Preschool and Kindergarten Reading Activity One
Using a predictable chart for shared reading is a good introduction to the Bugs theme unit. The repetitive text could introduce insect names. The text could read: A bee is an insect. A butterfly is an insect, An ant is an insect, A dragonfly is an insect, A ladybug is an insect, A grasshopper is an insect. A mosquito is an insect. The accompanying pictures and reader is found in the Bugs theme or in the member's area.
Preschool and Kindergarten Reading Activity Two - "The Very Hungry Caterpillar" Emergent Reader Retelling
The 'The Very Hungry Caterpillar' by Eric Carle is an all time favorite book to be used in conjunction with the Bug theme. Not only does it introduce the days of the week, numbers but also the life cycle of a butterfly. Children love this book! In the members' area you will find an emergent reader retelling of the story. This can be made into a big book, placed on chart paper or in a pocket chart and used for a shared reading experience.
The video below demonstrates how the book "The Very Hungry Caterpillar" was made into a simpler emergent reader for the children to read on their own after it has been introduced as a shared reading experience. The book can be assembled and sent home with the children to read to their parents. The video also demonstrates how to play the math game displayed on this page.
Bonus Emergent Readers
New How Are Insects Alike Reader?
This book is informational in its content and outlines how insects are alike. The text is repetitive but also informative, which makes it perfect for young readers to successfully read on their own. All readers have focus on high frequency words.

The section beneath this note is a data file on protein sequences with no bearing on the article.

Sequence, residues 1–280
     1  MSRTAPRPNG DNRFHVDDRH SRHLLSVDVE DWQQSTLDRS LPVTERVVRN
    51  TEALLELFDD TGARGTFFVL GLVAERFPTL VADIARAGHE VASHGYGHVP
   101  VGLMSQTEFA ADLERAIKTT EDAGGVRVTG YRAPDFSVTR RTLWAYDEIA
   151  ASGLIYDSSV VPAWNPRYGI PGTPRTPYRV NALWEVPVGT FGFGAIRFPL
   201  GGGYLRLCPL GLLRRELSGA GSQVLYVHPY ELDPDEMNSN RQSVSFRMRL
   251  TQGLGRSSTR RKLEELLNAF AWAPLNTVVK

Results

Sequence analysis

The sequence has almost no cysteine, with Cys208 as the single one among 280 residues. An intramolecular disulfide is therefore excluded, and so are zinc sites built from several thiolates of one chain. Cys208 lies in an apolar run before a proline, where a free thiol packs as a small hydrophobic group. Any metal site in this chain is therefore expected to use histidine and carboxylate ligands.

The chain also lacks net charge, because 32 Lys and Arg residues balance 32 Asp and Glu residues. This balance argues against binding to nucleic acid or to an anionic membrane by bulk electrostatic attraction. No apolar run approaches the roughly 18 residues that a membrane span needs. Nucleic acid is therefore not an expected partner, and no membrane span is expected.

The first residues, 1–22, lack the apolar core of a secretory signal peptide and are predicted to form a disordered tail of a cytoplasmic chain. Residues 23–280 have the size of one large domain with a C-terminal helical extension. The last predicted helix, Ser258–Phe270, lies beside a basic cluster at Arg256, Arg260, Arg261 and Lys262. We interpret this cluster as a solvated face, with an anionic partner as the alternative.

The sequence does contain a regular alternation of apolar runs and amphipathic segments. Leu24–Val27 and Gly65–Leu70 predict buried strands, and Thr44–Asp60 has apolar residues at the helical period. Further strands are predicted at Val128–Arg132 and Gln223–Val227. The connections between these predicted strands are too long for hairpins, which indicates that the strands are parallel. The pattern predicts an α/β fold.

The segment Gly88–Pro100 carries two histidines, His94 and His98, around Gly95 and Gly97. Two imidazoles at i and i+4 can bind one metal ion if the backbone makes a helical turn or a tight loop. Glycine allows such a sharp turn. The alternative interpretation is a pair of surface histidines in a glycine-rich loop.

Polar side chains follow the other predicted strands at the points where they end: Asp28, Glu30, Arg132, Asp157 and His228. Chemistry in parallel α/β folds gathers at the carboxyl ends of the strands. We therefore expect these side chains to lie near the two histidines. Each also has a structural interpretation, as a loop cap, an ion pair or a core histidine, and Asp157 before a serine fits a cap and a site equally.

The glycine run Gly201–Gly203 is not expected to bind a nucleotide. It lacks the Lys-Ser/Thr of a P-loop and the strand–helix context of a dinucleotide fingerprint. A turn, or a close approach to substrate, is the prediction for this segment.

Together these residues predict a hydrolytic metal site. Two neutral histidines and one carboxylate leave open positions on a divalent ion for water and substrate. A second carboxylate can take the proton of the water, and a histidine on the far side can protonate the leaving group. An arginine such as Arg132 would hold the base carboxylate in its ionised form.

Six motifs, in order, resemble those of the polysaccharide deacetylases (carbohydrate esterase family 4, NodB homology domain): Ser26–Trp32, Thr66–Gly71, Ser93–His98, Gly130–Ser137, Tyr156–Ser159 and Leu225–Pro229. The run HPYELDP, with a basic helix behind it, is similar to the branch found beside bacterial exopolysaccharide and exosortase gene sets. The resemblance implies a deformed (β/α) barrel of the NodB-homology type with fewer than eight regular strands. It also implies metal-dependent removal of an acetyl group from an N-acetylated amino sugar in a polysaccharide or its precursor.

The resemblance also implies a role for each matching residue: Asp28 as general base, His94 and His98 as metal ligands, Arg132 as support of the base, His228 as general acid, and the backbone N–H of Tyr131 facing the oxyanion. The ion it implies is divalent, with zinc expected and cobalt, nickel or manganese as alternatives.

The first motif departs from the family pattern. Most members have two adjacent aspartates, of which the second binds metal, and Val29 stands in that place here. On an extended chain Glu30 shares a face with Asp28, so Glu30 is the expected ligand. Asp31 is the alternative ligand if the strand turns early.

How Are Insect Alike Sample Page
Butterfly Cycle Emergent Reader Shape Book
In the members' area you will find a butterfly shape book called The Butterfly Story. It can be used as a book for the children to read on their own after they have been introduced to the life cycle of the butterfly. It introduces the children to the stages of the butterfly, as well as, to the use of ordinal numbers. The children are required to cut and paste the correct picture with each line of the story. First, I am an egg. Second, I am a caterpillar. Third, I am a pupa. At last, I am a butterfly.
Preschool and Kindergarten Activities Using the Color Photographs
There are both small and larger photographs of the insects discussed in the predictable chart. These are great to use for discussion purposes, center activities and word dictionaries.
The Characteristics of Insects
In the first week of the lesson plans the focus is on the characteristics of insects. A follow-up activity would be picture sorting the animals that belong to that category and those that do not. This is an activity that could be continued in the Science Center. Pictures can be found in the theme unit or in the member's area.
Smart Board Bug Sorting Activities
Bug Activities for Smart tBoard Video on YouTube
The students will be sorting the pictures according to if they belong to the insect or non-insect category through using the Smart Board. This can also be done on the computer if notebook software has been installed. This activity is downloaded from the member site.
Living-Non-Living Sorting Activities
In the link below you will also living and non-living sorting activities.
Living-Non-Living Sorting Activities
Insect Board Game - Identifying Insects Game
The children shake a die and move their player accordingly. Place a number of bingo chips or another object next to the game. Each time a player lands on an insect they collect a bingo chip. This will require them to identify insects. The game continues until all the bingo chips are collected. It might be necessary to play the game several times. The winner is the first person with the the most bingo chips or another object. This game requires the children to identify pictures that represent insects. Example, if the player lands on a picture of a snake; they cannot collect a bingo chip because it is not an insect.
Writing Bugs Shape Books